Last updated on Feb 8, 2021
Every business has customers, so every business needs to collect feedback from those customers. Delving into your data and analytics will get you so far, but to really understand your customers’ needs and behaviour, you need to gather feedback.
Collecting customer feedback is a great way to gain qualitative and quantitative information on your products, customer service and generally how well your business is fulfilling customer needs. It tells you what you’re doing right and wrong – right from the horse’s mouth.
Customer feedback is especially vital for medium-to-large organisations. Smaller businesses have the benefit of more face-to-face contact with their customers on a regular basis. But larger organisations don’t always have this relationship with their customers. More effort is needed, therefore, to connect with customers and gather feedback.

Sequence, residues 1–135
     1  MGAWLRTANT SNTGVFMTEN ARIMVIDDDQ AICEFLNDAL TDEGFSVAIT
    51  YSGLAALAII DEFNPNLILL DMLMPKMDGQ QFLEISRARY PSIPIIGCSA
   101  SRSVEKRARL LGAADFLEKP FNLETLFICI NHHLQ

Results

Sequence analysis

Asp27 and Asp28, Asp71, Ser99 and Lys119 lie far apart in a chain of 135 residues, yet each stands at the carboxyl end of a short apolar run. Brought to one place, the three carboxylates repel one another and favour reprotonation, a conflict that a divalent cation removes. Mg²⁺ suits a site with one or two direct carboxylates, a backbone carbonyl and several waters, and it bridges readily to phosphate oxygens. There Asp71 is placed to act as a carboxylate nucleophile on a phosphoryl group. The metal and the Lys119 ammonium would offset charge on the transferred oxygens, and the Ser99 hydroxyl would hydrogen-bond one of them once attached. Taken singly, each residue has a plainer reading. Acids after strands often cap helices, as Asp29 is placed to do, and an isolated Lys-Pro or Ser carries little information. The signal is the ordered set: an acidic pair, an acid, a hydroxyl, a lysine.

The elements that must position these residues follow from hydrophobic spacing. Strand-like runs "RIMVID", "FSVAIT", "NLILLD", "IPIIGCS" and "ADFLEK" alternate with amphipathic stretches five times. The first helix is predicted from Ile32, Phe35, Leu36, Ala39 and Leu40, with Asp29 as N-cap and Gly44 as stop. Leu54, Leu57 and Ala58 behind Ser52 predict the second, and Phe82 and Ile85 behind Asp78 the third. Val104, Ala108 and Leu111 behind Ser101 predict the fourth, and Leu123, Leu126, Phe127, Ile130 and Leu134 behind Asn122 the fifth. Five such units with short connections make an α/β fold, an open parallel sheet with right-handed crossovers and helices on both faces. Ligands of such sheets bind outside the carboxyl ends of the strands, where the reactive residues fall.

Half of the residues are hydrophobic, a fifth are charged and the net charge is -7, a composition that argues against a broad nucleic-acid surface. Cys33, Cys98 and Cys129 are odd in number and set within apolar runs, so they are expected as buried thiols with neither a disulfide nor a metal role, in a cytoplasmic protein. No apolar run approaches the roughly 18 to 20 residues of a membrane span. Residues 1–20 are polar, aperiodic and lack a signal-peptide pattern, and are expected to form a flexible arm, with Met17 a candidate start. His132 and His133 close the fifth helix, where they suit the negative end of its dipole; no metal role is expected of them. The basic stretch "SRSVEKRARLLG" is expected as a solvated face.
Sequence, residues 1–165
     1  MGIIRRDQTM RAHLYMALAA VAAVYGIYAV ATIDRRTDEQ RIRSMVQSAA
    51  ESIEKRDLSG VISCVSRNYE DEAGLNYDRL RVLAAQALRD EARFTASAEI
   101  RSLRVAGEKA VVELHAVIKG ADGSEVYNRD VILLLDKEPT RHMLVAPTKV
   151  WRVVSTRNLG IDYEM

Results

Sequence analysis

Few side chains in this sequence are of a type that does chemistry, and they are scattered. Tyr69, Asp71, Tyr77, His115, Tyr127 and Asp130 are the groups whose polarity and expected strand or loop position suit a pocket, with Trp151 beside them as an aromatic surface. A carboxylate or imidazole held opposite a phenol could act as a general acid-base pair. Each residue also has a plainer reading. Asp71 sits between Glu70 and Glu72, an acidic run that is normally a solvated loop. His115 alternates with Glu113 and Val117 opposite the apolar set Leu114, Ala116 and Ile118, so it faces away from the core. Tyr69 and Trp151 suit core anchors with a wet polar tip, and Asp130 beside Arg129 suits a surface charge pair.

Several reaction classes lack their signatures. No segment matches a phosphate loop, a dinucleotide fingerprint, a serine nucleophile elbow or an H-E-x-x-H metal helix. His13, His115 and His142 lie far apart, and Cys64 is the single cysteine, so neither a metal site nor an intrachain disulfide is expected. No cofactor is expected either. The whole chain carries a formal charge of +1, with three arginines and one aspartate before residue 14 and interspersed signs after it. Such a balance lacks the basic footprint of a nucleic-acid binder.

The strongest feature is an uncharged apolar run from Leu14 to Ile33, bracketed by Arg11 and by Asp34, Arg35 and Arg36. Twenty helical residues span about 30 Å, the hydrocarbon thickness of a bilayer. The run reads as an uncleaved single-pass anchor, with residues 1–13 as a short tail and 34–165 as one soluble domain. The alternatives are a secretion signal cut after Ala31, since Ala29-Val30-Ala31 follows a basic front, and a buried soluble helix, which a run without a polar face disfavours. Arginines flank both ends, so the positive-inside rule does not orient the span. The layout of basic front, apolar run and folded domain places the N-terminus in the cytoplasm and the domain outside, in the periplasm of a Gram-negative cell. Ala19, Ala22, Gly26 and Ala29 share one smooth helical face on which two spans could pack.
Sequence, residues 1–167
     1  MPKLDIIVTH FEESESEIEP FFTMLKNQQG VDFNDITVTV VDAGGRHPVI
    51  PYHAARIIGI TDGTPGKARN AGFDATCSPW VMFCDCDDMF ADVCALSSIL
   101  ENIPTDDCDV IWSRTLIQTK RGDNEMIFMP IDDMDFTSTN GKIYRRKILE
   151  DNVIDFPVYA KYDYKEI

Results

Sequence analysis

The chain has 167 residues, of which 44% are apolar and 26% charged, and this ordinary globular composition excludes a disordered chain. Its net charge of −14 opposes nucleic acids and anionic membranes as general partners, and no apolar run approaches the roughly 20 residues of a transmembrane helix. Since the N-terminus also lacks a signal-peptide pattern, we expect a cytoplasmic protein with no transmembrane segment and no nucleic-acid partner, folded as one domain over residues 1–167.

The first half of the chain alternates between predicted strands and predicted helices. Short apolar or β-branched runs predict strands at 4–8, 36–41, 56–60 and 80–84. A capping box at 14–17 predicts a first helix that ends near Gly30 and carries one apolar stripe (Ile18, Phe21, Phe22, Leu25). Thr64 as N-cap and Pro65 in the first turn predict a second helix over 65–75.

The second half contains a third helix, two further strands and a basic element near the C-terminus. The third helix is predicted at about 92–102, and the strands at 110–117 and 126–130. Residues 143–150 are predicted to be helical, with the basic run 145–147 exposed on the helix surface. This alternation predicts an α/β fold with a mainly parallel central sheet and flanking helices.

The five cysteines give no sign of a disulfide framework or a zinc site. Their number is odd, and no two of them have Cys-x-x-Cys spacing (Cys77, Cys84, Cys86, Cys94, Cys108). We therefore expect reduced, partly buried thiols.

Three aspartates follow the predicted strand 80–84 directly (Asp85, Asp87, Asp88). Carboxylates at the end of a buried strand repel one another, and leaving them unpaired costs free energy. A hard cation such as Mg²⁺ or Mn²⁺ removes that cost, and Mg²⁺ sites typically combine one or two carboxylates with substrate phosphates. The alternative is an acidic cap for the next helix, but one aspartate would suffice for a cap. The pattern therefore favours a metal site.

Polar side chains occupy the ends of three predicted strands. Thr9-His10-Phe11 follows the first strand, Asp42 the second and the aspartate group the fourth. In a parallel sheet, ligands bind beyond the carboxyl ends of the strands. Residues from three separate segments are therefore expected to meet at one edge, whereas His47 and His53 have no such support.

Large organisations also have more to lose if they aren’t satisfying customer needs. Gathering feedback is an effective way to stop disgruntled customers heading for the door.
Collecting feedback from your customers offers many benefits. Positive feedback can be a boost for employees and can be used in recognition schemes. It can be used in case studies, to enter awards and to provide customer testimonials. Feedback can inform future campaigns or product development (through replicating what works and improving what didn’t).
Negative feedback will identify any problems that your customers may not have mentioned. Often, slight niggles will frustrate customers and tempt them to go elsewhere. Resolving these issues will potentially stop them from leaving in the future.
The insights obtained through collecting feedback can improve every aspect of your business. From product development to sales strategy, marketing activities and customer service.
Though customers may be invested in businesses that they are engaged with, they sometimes need a little convincing to spend time giving you feedback. A study by SurveyMonkey found that consumers typically respond to requests for three reasons: they want to be helpful, they enjoy the topic or there’s some kind of incentive for them.